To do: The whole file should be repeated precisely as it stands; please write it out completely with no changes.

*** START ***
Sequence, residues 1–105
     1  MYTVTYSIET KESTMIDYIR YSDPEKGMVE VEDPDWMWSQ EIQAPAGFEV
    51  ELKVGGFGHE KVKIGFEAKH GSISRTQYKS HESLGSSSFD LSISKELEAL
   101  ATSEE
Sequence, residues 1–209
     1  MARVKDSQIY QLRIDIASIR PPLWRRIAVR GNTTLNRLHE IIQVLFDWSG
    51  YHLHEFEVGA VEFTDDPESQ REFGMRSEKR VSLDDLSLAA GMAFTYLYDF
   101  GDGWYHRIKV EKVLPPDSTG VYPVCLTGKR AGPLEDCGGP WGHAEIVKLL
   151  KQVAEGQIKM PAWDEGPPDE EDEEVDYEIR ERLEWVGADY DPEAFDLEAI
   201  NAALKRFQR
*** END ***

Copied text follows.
Sequence, residues 1–105
     1  MYTVTYSIET KESTMIDYIR YSDPEKGMVE VEDPDWMWSQ EIQAPAGFEV
    51  ELKVGGFGHE KVKIGFEAKH GSISRTQYKS HESLGSSSFD LSISKELEAL
   101  ATSEE
Sequence, residues 1–209
     1  MARVKDSQIY QLRIDIASIR PPLWRRIAVR GNTTLNRLHE IIQVLFDWSG
    51  YHLHEFEVGA VEFTDDPESQ REFGMRSEKR VSLDDLSLAA GMAFTYLYDF
   101  GDGWYHRIKV EKVLPPDSTG VYPVCLTGKR AGPLEDCGGP WGHAEIVKLL
   151  KQVAEGQIKM PAWDEGPPDE EDEEVDYEIR ERLEWVGADY DPEAFDLEAI
   201  NAALKRFQR